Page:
September 8: Introducing Pac-man agent & Environment. Desinging Reflex Agents: sensory processing, feature vectors, if-then rules. Designing Model-based Agents (aka Problem Solving Agents). Example Problems. Formulating problems as Search Problems: states, actions, initial and goal states, state space, etc. Searching state-spaces using Search Algorithms.
Read: Sections 3.1 and 3.2 from R&N.
Pac-man Codebase download: search.zip
Assignment#1 is posted (Due on Wednesday, Septembe 15): Click here for details.
Play: Pac-man Google doodle.
- Week 3 (September 13, 15)
September 13: Model-based agents. Search algorithms for model-basd agents: Uninformed Search - Breadth-First Search, Depth-First Search, Depth-Limited Search, Iterative Deepening Search. Complexity of search. Towards informed search.
Read: Sections 3.3 & 3.4 from R&N.
Watch: Basic Roomba is a Reflex Agent (plus more).
September 15: BFS & DFS revistied. Depth-Limited Search. Iterative Deepening Search. Informed Search: using g(n) - uniform-cost search. Using heuristics, h(n) - A* Search. Admissibility and monotonicity of heuristics.
Read: Sections 3.4 & 3.5 from R&N.
Assignment#2 is posted (Due on Wednesday, Septembe 22): Click here for details.
- Week 4 (September 20, 22)
- Week 5 (September 27, 29)
September 29: Exam 1 is today.
- Week 6 (October 4, 6)
- Week 7 (October 11, 13)
- Week 8 (October 18, 20)
- Week 9 (October 25, 27)
- Week 10 (November 1, 3)
- Week 11 (November 8, 10)
November 8: Exam 2 is today.
- Week 12 (November 15, 17)
- Week 13 (November 22, 24)
- Week 14 (November 29, December 1)
- Week 15 (December 6, 8)
December 8: Exam 3 is today.
Attendance and active participation are expected in every class. Participation includes asking questions, contributing answers, proposing ideas, and providing constructive comments.
As you will discover, we are proponents of two-way communication and we welcome feedback during the semester about the course. We are available to answer student questions, listen to concerns, and talk about any course-related topic (or otherwise!). Come to office hours! This helps us get to know you. You are welcome to stop by and chat. There are many more exciting topics to talk about that we won't have time to cover in-class.
Although computer science work can be intense and solitary, please stay in touch with us, particularly if you feel stuck on a topic or project and can't figure out how to proceed. Often a quick e-mail, phone call or face-to-face conference can reveal solutions to problems and generate renewed creative and scholarly energy. It is essential that you begin assignments early, since we will be covering a variety of challenging topics in this course.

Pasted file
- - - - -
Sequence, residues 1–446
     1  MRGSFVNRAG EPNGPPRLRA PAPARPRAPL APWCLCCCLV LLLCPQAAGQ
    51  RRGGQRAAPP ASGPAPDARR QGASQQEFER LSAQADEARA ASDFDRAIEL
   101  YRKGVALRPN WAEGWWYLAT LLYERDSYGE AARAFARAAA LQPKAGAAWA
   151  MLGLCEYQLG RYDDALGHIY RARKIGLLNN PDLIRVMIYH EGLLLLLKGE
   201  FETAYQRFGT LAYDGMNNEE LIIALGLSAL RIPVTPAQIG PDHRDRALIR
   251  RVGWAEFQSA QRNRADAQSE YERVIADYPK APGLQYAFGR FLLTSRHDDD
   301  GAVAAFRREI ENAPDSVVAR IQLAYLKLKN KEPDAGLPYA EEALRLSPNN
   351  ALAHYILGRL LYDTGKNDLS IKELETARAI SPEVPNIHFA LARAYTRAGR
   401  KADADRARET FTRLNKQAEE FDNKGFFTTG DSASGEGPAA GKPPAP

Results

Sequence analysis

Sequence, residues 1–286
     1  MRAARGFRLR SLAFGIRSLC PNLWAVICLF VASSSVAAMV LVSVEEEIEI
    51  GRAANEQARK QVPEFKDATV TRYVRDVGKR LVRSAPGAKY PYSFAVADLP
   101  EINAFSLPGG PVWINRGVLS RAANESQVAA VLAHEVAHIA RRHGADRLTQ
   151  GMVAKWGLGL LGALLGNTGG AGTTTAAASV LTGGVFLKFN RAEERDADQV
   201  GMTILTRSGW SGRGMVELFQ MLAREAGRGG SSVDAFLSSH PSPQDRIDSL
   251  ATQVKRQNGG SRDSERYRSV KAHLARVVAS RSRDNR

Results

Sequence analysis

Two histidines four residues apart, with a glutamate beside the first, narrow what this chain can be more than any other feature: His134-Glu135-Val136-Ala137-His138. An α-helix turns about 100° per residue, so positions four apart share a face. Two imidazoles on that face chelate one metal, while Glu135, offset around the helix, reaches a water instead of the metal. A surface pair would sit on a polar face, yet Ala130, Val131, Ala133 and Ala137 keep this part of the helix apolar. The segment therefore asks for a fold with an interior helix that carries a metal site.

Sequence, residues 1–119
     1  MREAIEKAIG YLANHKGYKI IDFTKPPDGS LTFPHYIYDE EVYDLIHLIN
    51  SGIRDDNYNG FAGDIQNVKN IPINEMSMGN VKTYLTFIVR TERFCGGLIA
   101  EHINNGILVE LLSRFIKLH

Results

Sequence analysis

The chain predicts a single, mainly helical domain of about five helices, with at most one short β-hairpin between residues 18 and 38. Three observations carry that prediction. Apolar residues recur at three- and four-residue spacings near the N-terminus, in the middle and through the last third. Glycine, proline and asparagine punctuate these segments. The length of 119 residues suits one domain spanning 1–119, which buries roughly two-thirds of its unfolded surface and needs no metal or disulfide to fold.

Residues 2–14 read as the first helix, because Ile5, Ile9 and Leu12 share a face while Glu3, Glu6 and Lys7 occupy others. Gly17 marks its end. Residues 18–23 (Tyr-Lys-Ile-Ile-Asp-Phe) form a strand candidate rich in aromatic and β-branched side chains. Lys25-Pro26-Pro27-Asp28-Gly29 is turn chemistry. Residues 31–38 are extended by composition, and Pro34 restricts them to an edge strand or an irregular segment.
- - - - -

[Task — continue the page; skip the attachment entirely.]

There will be 5-7 assignments (both written and in-class presentations), weighted equally in the final grading. Assignments must be submitted according to the Assignment Submission instructions.
All graded work will receive a grade: 4.0, 3.7, 3.3, 3.0, 2.7, 2.3, 2.0, 1.7, 1.3, 1.0, or 0.0. At the end of the semester, final grades will be calculated as a weighted average of all grades according to the following weights:
Incomplete grades will be given only for verifiable medical illness or other such dire circumstances.
Submission and Late Policy
All work must be turned in as specified at the start of the class period it is due. Any submission received after the first 10 minutes of the start of the class will be considered late (i.e. no credit).
No assignment will be accepted after it is past due.
No past work can be "made up" after it is due.
No regrade requests will be entertained one week after the graded work is returned in class.
Any extensions will be given only in the case of verifiable medical excuses or other such dire circumstances, if requested in advance and supported by your Academic Dean.
There will be three exams in this course. The exams will be closed-book and closed-notes. The exams will cover material from lectures, assignments, and assigned readings (including topics not discussed in class).
We encourage you to discuss the material and work together to understand it. Here are our thoughts on collaborating with other students:
If you have any questions as to what types of collaborations are allowed, please feel free to ask.
Academic Support Services
Bryn Mawr College offers a wide array of resources to help students be successful. The support services listed below can help Bryn Mawr students to:
For more information, please visit: Bryn Mawr College Academic and Student Support Services
Created on August 9, 2021.